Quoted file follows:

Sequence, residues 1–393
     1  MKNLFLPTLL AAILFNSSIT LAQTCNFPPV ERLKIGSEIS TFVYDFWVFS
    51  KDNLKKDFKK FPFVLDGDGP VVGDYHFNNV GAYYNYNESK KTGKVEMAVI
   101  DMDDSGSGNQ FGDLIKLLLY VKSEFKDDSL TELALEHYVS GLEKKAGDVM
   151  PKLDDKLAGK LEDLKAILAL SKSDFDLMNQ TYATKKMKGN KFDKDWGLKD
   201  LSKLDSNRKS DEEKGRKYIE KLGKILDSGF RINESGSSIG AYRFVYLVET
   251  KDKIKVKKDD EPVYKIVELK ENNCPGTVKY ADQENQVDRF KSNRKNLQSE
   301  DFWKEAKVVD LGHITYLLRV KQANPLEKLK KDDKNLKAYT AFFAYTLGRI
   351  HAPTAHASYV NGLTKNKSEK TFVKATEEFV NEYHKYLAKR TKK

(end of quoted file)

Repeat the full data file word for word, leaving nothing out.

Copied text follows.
Sequence, residues 1–393
     1  MKNLFLPTLL AAILFNSSIT LAQTCNFPPV ERLKIGSEIS TFVYDFWVFS
    51  KDNLKKDFKK FPFVLDGDGP VVGDYHFNNV GAYYNYNESK KTGKVEMAVI
   101  DMDDSGSGNQ FGDLIKLLLY VKSEFKDDSL TELALEHYVS GLEKKAGDVM
   151  PKLDDKLAGK LEDLKAILAL SKSDFDLMNQ TYATKKMKGN KFDKDWGLKD
   201  LSKLDSNRKS DEEKGRKYIE KLGKILDSGF RINESGSSIG AYRFVYLVET
   251  KDKIKVKKDD EPVYKIVELK ENNCPGTVKY ADQENQVDRF KSNRKNLQSE
   301  DFWKEAKVVD LGHITYLLRV KQANPLEKLK KDDKNLKAYT AFFAYTLGRI
   351  HAPTAHASYV NGLTKNKSEK TFVKATEEFV NEYHKYLAKR TKK